Thursday, August 20, 2009

‘In oceans, plastics break up to pose new toxic threat’


Washington: Environmentalists have long denounced plastic as a pollutant that does not break down. A new study indicates that in the oceans, plastic does decompose with surprising speed, but says that is not a good thing either. 

    Thousands of tons of plastic debris wind up in the oceans every year, some of it washing up on coasts, some being swirled by currents into the Great Pacific Garbage Patch. "Plastics in daily use 
are generally assumed to be quite stable," said Katsuhiko Saido, a chemist at Nihon University, Chiba, Japan. 
    "We found that plastic in the ocean actually decomposes as it is exposed to the rain 
and sun and other environmental conditions, giving rise to yet another source of global contamination that will continue into the future," said Saido. 
    Saido reported that the decomposing plastics release potentially toxic chemicals such as bisphenol A and PS oligomer, which can disrupt the functioning of hormones in animals. AP

Saturday, August 15, 2009

10 home remedies to avoid swine flu

Are the rising swine flu casualties giving you jitters? Not sure how you can avoid falling prey to the growing epidemic ? First and foremost,there is absolutely no need to panic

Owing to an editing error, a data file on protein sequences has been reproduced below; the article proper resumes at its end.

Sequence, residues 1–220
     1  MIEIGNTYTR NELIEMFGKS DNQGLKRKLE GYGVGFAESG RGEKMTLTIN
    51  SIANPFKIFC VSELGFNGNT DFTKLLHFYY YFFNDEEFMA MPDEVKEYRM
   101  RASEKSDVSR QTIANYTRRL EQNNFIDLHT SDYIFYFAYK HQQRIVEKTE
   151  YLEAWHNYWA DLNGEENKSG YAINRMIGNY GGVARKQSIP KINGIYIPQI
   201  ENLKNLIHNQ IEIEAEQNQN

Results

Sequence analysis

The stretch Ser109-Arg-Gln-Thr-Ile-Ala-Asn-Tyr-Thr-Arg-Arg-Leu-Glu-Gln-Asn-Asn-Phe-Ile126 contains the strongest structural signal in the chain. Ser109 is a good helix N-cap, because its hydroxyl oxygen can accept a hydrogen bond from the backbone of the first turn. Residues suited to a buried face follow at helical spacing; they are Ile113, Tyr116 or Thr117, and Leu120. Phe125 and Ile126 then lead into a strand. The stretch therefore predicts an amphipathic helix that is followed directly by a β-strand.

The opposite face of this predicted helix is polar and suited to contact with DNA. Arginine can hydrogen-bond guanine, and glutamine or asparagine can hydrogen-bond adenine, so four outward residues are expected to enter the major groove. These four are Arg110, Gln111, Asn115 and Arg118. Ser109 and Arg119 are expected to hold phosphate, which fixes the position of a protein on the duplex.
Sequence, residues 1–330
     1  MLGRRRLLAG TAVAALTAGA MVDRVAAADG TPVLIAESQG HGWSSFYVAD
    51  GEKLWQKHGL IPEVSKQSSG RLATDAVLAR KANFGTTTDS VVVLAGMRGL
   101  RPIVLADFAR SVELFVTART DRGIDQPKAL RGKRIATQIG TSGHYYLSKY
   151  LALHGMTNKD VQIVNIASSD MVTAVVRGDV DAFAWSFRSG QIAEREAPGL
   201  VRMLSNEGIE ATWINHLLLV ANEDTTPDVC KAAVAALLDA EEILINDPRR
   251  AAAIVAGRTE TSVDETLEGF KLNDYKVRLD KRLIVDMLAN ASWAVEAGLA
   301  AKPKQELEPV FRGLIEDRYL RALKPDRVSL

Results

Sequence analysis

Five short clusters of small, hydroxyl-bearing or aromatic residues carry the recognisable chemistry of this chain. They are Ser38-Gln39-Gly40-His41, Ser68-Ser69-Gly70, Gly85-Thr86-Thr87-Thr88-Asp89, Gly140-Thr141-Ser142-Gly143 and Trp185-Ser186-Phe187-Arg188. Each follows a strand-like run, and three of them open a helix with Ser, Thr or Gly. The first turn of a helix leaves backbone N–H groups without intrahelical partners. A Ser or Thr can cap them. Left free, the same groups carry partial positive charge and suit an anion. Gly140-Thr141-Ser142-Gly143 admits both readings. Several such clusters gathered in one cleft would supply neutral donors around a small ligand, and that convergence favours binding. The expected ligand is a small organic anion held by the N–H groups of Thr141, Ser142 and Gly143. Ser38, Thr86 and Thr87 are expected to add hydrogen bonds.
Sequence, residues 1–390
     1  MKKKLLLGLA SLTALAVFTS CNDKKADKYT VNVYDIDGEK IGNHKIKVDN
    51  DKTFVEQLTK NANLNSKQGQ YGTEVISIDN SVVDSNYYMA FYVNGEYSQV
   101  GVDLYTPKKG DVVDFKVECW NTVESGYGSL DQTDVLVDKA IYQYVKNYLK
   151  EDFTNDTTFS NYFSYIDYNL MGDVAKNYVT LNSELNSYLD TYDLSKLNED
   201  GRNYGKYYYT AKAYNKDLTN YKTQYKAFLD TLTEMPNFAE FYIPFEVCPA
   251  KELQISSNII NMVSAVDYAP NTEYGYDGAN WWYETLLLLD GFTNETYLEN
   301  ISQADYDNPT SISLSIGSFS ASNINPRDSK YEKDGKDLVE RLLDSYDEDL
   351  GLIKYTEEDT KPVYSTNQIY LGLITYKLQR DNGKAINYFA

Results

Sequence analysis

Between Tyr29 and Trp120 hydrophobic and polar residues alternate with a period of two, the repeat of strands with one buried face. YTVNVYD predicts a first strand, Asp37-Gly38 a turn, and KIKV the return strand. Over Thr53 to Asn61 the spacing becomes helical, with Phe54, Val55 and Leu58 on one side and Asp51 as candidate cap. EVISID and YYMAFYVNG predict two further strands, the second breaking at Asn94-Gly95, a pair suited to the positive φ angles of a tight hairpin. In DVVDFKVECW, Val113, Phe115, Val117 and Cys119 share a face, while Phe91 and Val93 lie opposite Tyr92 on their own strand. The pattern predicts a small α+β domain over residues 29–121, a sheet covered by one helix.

Watching television to keep tabs on the progress of H1N1, particularly in the badly affected areas like Pune, is all right. But don't let the hysterical anchors get under your skin and start wearing a mask each time you step out of the house, unless you are visiting a very crowded area. Then too, the mask will protect you only for a specified period. 

Without giving in to the swine flu panic and creating a stockpile of Tamiflu and N-95 masks at home and enriching pharma companies, there are a number of other measures you can take to ensure that the virus is not able to get you, irrespective of which part of the world you are in. 

It is essential to remember that all kinds of viruses and bacteria can attack you when your immune system is weak, or they can weaken it easily. Hence, building your own defences would be a better, more practical, long-lasting and much more economical idea. 

Here are some easy steps you can take to tackle a flu virus of any kind, including swine flu. It is not necessary to follow all the steps at once. You can pick and choose a combination of remedies that suit you best. However, if you are already suffering from flu, these measures can help only up to an extent. And, if you have been infected by H1N1, visiting a hospital and staying in solitary confinement is a must.